With a stellar speaker line-up and free iPads, LWF 12 prepares for a 'revolution in learning'
How do you create an innovative, engaging education festival in a venue like London's Olympia, the home of formulaic trade shows? Design it as a theme park for learning.
LWF 12 – the Future of Learning Festival and Conference (January 25-26), which already hosts a speaker line-up to rival any UK education gathering (opening message from Noam Chomsky, closing one from Sir Ken Robinson), will work like a "pop-up university" complete with multi-colour inflatables and pods, according to organiser Graham Brown-Martin (see prototype designs right and below).
"it's in our DNA to constantly re-invent ourselves and challenge our community to think differently about learning and the role of technology," says Graham Brown-Martin. "Our move to Olympia allows us to explore our thinking about what an educational environment of the future might look like rather than present ourselves in a traditional, tired format that doesn't stimulate, engage or inspire."
If LWF 12 lives up to the designers' visions, visitors will experience something very different to the the usual Olympia fare. The main conference will be held in a custom-built theatre. And the event supporters, who include Nintendo, Pearson, GSMA (the voice of the mobile phone industry), LEGO Education (see "NOT another brick in the wall – Stockley's LEGO coup"), Toucan Computing (Apple experts for education), MERU Networks and the Nominet Trust, will be running the futuristic "Experience Domes" or "Pods". These wlll host a range of activities including themed talks, seminars, showcases, "how-to" and hands-on sessions featuring leading practitioners and experts. While some of these sessions will be dedicated to delegates attending the conference, there will also be valuable sessions and a packed programme for those attending the adjacent free festival.
Free festival and special deals to attract more teachers
The free festival will run alongside the conference and serve visitors not able to attend the main event or who might not be able to meet the LWF 12 registration fees. These may include teachers who have supported the preceding Handheld Learning and Games Based Learning events which built up LWF's following over the past seven years with innovative registration prices which included, first, iPod Touches, and then iPads. School austerity measures haven't made it easier for teachers to get out of school either, so LWF 12's organisers have introduced special teacher scholarships (£495 admission and £200 to bring a colleague) and an industry "bring an educator" deal which gives admission for two plus an iPad each).
The top-flight speakers span industry and learning and promise two days of thought-provoking talks and discussions. They include the president of LEGO Education, Jacob Kragh, Pearson's Marjorie Scardino, futurist Ray Kurzweil, the creator of Scratch MIT Media Lab's Mitchel Resnick, WISE, Keri Facer, Charles Leadbeater, astronomer royal Martin Rees, neuroscientist Dr Paul Howard-Jones, GSMA's Michael O'Hara, game designer Jesse Schell, Mozilla Foundation's Stephanie Schipper, mathematician Conrad Wolfram and Microsoft's education boss Anthony Salcito whose Partners in Learning division has been given responsibility for the US teacher recruitment drive, teach.gov by the US Government (see video below).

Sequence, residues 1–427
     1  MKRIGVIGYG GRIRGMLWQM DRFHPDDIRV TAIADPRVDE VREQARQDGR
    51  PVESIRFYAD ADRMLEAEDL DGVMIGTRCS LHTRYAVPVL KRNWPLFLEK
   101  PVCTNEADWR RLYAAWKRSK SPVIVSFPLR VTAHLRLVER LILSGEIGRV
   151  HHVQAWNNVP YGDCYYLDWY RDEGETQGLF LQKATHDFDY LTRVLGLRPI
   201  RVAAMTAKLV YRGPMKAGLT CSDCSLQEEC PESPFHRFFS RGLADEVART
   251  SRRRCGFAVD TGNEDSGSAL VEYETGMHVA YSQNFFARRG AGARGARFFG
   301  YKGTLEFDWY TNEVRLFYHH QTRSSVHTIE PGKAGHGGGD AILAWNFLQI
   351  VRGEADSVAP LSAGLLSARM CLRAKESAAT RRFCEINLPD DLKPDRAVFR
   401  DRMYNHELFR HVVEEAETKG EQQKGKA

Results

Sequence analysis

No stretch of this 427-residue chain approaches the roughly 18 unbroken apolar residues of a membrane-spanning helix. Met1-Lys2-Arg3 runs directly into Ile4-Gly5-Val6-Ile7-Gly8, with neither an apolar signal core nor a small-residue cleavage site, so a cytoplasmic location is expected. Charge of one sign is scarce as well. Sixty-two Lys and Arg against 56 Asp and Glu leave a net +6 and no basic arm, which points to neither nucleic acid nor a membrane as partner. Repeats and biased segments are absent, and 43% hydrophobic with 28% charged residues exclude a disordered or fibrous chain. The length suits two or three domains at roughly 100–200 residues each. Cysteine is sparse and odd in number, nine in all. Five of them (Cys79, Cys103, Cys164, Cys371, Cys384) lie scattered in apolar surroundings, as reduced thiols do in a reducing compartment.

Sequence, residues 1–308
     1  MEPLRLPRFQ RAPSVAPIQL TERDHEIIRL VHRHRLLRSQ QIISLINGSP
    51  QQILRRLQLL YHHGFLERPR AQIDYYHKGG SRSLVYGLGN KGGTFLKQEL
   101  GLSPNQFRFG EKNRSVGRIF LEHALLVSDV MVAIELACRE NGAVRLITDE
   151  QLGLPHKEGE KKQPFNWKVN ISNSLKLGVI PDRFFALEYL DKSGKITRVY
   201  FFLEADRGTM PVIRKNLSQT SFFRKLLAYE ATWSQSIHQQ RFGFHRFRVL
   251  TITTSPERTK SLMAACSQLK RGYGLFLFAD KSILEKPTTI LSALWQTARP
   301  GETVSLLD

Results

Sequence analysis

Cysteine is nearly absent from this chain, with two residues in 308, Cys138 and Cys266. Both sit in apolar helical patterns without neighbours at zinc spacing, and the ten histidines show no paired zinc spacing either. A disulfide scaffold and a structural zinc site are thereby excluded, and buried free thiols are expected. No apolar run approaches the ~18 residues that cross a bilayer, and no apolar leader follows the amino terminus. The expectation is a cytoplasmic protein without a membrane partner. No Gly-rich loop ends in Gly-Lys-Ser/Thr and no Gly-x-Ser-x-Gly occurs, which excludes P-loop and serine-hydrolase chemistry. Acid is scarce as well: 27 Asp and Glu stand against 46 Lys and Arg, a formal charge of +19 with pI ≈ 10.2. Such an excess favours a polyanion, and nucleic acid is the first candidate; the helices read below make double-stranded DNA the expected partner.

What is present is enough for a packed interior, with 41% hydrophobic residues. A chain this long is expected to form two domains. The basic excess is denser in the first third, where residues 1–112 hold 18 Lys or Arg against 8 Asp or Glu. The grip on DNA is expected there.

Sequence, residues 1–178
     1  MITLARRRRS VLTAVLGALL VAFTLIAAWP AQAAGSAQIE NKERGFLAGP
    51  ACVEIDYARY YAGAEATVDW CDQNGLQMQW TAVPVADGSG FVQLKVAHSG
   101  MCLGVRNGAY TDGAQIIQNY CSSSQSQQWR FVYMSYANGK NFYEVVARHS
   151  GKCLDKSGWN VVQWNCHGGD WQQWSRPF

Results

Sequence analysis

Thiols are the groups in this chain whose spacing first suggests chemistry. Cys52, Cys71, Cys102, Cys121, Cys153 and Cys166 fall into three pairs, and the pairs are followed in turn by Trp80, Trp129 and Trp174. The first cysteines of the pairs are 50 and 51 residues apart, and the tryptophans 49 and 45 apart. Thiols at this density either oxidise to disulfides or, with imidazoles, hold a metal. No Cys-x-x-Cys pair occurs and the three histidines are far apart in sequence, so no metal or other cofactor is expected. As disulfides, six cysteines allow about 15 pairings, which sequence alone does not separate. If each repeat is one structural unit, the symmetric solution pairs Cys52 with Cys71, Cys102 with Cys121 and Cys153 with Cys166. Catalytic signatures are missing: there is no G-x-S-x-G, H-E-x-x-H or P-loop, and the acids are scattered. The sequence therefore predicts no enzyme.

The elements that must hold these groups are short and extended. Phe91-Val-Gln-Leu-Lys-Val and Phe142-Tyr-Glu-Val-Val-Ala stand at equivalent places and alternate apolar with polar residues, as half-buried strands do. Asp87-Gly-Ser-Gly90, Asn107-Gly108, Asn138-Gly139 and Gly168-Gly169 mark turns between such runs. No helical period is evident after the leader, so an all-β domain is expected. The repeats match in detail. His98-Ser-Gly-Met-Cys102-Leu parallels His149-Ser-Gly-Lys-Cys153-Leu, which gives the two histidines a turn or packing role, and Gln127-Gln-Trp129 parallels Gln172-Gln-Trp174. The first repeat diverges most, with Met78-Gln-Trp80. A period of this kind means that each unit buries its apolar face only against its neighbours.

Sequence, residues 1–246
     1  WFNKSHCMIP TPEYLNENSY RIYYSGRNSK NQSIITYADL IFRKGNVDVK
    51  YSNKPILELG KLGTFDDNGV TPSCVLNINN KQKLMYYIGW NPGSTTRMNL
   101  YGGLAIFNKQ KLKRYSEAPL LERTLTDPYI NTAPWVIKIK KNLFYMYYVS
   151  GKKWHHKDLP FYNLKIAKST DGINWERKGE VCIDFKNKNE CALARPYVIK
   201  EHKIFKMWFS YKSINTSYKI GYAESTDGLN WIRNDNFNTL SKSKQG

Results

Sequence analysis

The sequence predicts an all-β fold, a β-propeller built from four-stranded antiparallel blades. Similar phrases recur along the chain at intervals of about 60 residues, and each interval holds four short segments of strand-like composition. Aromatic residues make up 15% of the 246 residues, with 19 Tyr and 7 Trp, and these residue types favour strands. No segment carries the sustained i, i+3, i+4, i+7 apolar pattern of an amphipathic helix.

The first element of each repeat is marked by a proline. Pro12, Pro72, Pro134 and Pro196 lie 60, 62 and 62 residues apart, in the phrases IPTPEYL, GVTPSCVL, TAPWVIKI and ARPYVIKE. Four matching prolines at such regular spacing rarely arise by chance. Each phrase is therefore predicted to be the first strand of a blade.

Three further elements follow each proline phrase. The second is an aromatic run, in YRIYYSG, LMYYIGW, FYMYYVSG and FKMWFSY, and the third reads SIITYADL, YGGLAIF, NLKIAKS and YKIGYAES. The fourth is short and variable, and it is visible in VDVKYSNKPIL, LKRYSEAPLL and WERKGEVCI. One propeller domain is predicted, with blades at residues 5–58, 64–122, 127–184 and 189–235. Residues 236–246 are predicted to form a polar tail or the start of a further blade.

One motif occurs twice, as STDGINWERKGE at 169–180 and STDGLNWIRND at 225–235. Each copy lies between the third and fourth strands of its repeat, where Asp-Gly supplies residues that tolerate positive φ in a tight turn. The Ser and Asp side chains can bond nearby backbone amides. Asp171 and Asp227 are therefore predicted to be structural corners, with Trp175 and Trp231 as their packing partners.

LWF is known for the way it has made its keynotes and seminars available through videos on the internet. This year's speaker line-up is so strong that it has already attracted the attention of the TED Talks organisation in the US which will also be filming the presentations.
Admission to LWF12 also gives entry to the Learning Technologies 2012 and Learning and Skills 2012 complementary events being held next door in Olympia 2. They are organised by Learning Without Frontiers' parent company CloserStill.
A popular feature of Learning Without Frontiers events has always been the awards scheme, noted for its freshness and absence of formality. The scheme is now open for nominations here.
'A new and compelling experience'
The big unknown for both LWF12, and for the BETT Show being held at Olympia earlier in January, is what proportion of UK teachers will make up the attendance. Visitor figures for BETT 2011 showed a drop in UK visitors that was offset by those from overseas. This year's Learning Without Frontiers attracted a healthy 3,000 visitors and the organisers are keen to retain its UK supporters but they have the tricky balancing act of upgrading the event and its speakers against the registration fees.
"LWF 12 will be a new and compelling experience for our community who will take part in a valuable dialogue that will inform their future thinking," says Graham Brown-Martin. "Anybody expecting us to simply turn the handle and churn out another conference about technology and how it will revolutionise learning will be disappointed. There have been more than 30 years of conferences sold on that canard and we're still waiting.
"Technology is now a given; it's already embedded in one form or another in the majority of learners' lives. We need to ask bigger questions about bigger challenges. Why hasn't education changed? Why do we fear transformation? What is the purpose of learning and how does this relate to society and the enormous challenges that lie ahead for future generations? And, most importantly, how do we establish the conditions for a revolution in learning to actually take place?"